Bianchi et al., 1993, "Erythroid-specific antibodies enhance detection of fetal nucleated erythrocytes in maternal blood, " Prenat Diagn. 13:293-300.

Bruch et al., 1991, "Trophoblast-like cells sorted from peripheral maternal blood using flow cytometry: a multiparametric study involving transmission electron microscopy and fetal DNA amplification," prenat. Diagn., 11:787-98.

Cacheux, et al., 1992, "Detection of 47,XYY trophoblast fetal cells in maternal blood by fluorescence in situ hybridization after using immunomagnetic lymphocyte depletion and flow cytometry sorting, Fetal Diagn. Ther., 7:190-94

Covone et al., 1984, "Trophoblast cells in peripheral blood from pregnant women," Lancet. 2:841-43.

Covone et al., 1988, "Analysis of peripheral maternal blood samples for the presence of placenta-derived cells using Y-specific probes and McAb H315," Prenat. Diagn., 8:591-607.

De Grouchy et al., 1971, "Transfusion foeto-maternelle de lymphocytes sanguins et d etection du sexe du foetus,"Ann. G en et. 14:133-37.

Fibach et al., 1989, "Proliferation and maturation of human erythroid progenitors in liquid culture," Blood, 73:100-03.

Forestier, et al , 1991, "Developmental hematopoiesis in normal human fetal blood," Blood, 77:2360-63.

G anshirt-Ahlert et al., 1992, "Magnetic cell sorting and the transferrin receptor as potential means of prenatal diagnosis from maternal blood," Am. J. Obstetr. Gynecol., 155:1350-55.

Gardner et al., 1990, "Effects of interleukin-6 on fetal hematopoietic progenitors," Blood 75:2150-55.

Grosset et al., 1974, "Antenatal fetal sex determination from maternal blood during early pregnancy," Am. J. Obstetr. Gynecol., 120:60-63.

Hamada et al., 1993, "Fetal nucleated cells in maternal peripheral blood: frequency and relationship to gestational age," Hum. Genet. 91:427-32.

Herzenberg et al., 1979, "Fetal cells in the blood of pregnant women: Detection and enrichment by fluorescence-activated cell sorting," Proc. Natl Acad. Sci. USA. 76:1453-55.

Iverson et al., 1981, "Detection and isolation of fetal cells from maternal blood using the fluorescence-activated cell sorter (FACS)" Prenat. Diag., 1:61-73

Kao et al., 1992, Analysis of peripheral blood of pregnant women for the presence of fetal Y chromosome-specific ZFY gene deoxyribonucleic acid sequences," Am. J. Obstetr. Gynecol. 166:1013-19.

Kirsch-Voiders, et al., 1980, "Increase in the amount of fetal lymphocytes in maternal blood during pregnancy, J. Med. Genet., 17:267-72.

Kulozik et al., 1982, "Fetal cells in the maternal circulation: Detection by direct AFP-immunofluorescence,"Hum. Genet., 62:221-224.

Lo et al., 1993, "Prenatal sex determination from maternal peripheral blood using the polymerase chain reaction,"Hum. Genet. 90:483-88.

Loken et al., 1987, "Flow cytometric analysis of human bone marrow: I. Normal erythroid development," Blood, 69:255-63.

McNiece et al., 1991, "Recombinant human stem cell factor synergizes with GM-CSF, G-CSF, IL-3 and Epo to stimulate human progenitor cells of the myeloid and erythroid lineages," Exp. Hematol., 19:226-31.

Mueller et al , 1990, "Isolation of fetal trophoblast cells from peripheral blood of pregnant women," Lancet. 336197-200.

Nakagome et al., 1991, "Absence of fetal cells in maternal circulation at a level of 1 in 25,000," Am. J. Med. Genet., 40:506-508.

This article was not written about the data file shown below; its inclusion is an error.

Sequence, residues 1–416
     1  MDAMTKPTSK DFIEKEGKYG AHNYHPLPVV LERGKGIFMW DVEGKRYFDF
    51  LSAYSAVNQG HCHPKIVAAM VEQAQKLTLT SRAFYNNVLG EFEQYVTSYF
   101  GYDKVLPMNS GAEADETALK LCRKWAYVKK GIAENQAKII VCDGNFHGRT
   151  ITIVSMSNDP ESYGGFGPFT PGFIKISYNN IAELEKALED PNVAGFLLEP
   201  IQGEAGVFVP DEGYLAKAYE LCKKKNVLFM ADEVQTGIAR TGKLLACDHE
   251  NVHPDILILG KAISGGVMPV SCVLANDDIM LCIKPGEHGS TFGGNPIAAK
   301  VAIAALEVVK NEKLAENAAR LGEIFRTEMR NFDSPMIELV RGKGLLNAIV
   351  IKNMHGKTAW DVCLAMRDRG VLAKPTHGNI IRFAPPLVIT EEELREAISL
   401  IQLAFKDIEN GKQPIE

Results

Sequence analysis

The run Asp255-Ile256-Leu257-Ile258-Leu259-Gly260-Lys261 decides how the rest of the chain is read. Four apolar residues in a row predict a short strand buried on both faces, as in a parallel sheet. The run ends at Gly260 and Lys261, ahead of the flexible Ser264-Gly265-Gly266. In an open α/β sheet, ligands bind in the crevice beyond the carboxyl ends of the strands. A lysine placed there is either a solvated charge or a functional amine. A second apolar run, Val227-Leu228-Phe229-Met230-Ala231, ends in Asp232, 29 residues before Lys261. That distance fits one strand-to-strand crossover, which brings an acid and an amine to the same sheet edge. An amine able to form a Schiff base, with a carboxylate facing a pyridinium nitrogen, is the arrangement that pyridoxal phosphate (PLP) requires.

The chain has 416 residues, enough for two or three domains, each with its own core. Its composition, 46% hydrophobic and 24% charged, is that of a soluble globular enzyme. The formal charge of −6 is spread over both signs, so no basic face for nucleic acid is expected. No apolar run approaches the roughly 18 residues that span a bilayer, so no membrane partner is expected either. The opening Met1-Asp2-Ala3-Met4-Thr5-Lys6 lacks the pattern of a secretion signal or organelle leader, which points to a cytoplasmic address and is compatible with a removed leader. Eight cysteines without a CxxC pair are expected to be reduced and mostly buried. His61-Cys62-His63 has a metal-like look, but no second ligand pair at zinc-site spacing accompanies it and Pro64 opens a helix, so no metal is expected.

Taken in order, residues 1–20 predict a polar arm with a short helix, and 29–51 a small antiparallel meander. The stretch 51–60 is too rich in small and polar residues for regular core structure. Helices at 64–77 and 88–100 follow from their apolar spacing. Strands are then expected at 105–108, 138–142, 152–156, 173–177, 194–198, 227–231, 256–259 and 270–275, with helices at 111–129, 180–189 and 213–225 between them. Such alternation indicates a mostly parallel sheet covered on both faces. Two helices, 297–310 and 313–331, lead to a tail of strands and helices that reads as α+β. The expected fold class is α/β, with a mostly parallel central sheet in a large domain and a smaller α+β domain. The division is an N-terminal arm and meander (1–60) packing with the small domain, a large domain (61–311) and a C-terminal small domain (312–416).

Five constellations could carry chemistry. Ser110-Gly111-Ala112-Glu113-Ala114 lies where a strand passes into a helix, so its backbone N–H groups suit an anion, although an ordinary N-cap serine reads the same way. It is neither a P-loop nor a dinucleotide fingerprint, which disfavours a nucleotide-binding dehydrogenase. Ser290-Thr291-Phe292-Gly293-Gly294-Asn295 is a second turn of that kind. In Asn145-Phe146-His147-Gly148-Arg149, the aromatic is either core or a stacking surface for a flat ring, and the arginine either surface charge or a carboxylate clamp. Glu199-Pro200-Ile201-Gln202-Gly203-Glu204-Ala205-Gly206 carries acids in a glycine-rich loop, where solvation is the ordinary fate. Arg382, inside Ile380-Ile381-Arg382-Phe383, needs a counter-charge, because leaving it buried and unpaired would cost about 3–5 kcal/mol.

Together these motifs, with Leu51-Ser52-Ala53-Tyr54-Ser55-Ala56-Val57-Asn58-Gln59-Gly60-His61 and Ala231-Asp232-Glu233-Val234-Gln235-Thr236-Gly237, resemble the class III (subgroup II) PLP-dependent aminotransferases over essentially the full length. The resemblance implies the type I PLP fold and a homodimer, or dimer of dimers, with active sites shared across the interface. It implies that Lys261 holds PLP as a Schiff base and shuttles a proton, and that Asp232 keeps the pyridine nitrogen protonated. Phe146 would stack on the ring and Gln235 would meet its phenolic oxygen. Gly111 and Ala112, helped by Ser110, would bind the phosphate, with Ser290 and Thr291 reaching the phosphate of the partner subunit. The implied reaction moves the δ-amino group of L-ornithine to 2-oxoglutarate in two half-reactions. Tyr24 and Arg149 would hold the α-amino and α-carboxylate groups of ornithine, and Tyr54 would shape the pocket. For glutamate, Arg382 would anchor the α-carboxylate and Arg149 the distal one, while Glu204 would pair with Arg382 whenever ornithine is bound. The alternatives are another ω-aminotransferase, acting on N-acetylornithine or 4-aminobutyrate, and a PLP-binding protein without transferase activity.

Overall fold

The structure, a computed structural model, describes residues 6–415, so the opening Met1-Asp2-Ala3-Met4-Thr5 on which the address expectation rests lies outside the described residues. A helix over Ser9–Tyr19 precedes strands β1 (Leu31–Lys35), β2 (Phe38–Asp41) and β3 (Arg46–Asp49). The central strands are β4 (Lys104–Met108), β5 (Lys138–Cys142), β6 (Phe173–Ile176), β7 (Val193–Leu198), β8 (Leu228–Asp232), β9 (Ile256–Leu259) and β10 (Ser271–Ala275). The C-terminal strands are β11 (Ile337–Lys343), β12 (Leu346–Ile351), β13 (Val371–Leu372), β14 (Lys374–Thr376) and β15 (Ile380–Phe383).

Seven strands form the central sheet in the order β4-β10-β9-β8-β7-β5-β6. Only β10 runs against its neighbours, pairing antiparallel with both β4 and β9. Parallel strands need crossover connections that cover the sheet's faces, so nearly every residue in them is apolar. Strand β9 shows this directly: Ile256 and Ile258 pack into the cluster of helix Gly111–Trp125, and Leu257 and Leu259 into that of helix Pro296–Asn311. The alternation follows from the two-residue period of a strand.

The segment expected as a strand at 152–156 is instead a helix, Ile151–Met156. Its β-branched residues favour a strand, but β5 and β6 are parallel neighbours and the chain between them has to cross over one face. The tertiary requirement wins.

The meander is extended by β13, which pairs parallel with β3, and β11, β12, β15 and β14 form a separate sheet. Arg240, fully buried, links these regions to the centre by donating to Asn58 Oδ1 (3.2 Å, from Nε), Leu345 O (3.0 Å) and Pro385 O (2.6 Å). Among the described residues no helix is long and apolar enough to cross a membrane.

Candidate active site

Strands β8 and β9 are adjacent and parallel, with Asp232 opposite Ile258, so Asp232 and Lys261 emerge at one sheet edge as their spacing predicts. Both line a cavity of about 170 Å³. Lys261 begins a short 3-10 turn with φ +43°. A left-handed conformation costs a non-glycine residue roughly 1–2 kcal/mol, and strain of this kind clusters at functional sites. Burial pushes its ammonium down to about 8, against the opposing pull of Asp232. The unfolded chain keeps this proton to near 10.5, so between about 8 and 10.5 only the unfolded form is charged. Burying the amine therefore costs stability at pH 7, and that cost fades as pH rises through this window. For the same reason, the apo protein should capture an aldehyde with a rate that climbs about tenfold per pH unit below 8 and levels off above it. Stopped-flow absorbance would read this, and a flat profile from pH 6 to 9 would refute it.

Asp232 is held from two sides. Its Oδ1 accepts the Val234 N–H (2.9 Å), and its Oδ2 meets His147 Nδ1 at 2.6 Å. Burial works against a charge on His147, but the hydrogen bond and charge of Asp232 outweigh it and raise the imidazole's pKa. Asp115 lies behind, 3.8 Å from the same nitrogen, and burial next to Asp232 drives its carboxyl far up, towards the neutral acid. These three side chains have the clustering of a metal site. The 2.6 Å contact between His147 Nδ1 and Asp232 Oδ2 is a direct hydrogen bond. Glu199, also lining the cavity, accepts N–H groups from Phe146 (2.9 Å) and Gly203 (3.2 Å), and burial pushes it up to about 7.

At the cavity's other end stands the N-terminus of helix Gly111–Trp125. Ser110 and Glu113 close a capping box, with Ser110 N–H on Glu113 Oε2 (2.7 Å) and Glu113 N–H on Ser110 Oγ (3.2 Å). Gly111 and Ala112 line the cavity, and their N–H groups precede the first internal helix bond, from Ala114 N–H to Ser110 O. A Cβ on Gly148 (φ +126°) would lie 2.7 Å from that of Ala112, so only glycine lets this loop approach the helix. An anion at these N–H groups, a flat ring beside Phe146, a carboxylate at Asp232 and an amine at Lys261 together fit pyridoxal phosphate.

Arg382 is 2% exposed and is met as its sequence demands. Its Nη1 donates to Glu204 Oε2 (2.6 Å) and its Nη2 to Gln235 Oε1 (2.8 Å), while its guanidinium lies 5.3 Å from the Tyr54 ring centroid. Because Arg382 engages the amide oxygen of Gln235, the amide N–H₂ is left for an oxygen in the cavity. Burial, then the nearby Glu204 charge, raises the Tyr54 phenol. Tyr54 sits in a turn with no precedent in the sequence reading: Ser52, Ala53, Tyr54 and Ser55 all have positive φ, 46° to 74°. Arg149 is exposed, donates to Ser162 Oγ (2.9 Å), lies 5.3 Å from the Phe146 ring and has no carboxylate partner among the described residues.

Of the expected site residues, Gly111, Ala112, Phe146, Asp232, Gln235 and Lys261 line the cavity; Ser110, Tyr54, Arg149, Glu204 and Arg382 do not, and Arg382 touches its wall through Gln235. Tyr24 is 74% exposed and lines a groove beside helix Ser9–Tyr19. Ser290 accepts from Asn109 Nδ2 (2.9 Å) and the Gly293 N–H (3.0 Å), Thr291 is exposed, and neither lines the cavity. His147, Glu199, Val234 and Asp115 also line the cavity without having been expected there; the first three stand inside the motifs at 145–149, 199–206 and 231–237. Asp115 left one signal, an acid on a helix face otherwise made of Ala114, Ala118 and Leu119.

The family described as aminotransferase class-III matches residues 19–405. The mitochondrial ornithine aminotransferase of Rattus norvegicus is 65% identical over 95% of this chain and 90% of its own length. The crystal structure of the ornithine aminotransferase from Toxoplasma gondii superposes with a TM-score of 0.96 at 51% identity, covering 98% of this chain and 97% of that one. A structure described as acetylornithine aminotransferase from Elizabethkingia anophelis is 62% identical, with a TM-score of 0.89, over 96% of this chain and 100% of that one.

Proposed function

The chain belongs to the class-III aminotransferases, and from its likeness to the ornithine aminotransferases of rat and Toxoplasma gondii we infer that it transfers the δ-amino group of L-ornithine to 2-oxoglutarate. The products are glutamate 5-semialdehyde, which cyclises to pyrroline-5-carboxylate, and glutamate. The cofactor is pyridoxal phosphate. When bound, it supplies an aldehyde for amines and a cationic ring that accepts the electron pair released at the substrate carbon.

Okumura et al., 1992, "Changes in cell surface antigen expressions during proliferation and differentiation of human erythroid progenitors,` Blood 80: 642-50.

Papayannopoulou et al., 1991, "Isolation of c-kit receptorexpressing cells from bone marrow, peripheral blood, and fetal liver: Functional properties and composite antigenic profile," Blood 78: 1403-12.

Parks et al., 1982, "Fetal cells from maternal blood: Their selection and prospects for use in prenatal diagnosis,"Methods in Cell Biology, 26:277-95.

Pool et al., 1987, "Trophoblast cells and maternal blood," Lancet., i: 804-05.

Price et al. "Prenatal diagnosis with fetal cells isolated from maternal blood by multiparameter flow cytometry,"Am. J. Obstetr. Gynecol., 165:1731-37.

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Weinberg et al., 1983, "Switch from fetal to adult hemoglobin is associated with a change in progenitor cell population," J. Clin. Invest., 71:785-94.

Weinberg et al., 1992, "Erythropoiesis is distinct at each stage of ontogeny," Pediatr. Res., 31:170-75.

Weinberg et al., 1993, "Stem cell factor amplifies newborn and sickle erythropoiesis in liquid cultures," Blood, 1:2591-99.

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It is understood that equivalent variations in procedures and stimulatory agents of the following claims are known to those of skill in the art to accomplish the selective amplifications and analyses, once the knowledge described herein is studied.

Claims (7)

What is claimed is:
1. A process for obtaining a cell sample enriched in fetal cells from maternal blood consisting essentially of;
obtaining cells from a maternal blood sample;
selectively stimulating fetal cell growth by incubating said cells in a medium comprising a composition of cytokines consisting essentially of erythropoietin, stem cell factor, interleukin-3 and interleukin-6 to produce a cell sample enriched in fetal cells.
2. A process for prenatal genetic analysis consisting essentially of:
obtaining cells from a maternal blood sample;
selectively stimulating fetal cell growth by incubating said cells in a medium comprising a composition of cytokines consisting essentially of erythropoietin, stem cell factor. interleukin-3 and interleukin-6 to produce a cell sample enriched in fetal cells; and analyzing fetal cells for genetic content or abnormalities.
3. The process of claim 1 or 2, wherein the selectively stimulatory step is defined further as comprising initially incubating said cells in a medium consisting essentially of stem cell factor.
4. The process of claim 1 or 2 where each of stem cell factor, interleukin-3 and interleukin-6 is at an amount of up to 100 ng/ml and erythropoietin is in an amount of up to 2 U/ml.
5. The process of claim 1 or 2 where fetal cell concentration is monitored by using an antibody specific for a fetal cell antigen.
6. The process of claim 5 where the fetal cell antigen is fetal hemoglobin or i antigen.
7. The process of claim 1 or 2 where the fetal cells are fetal hematopoetic progenitor cells.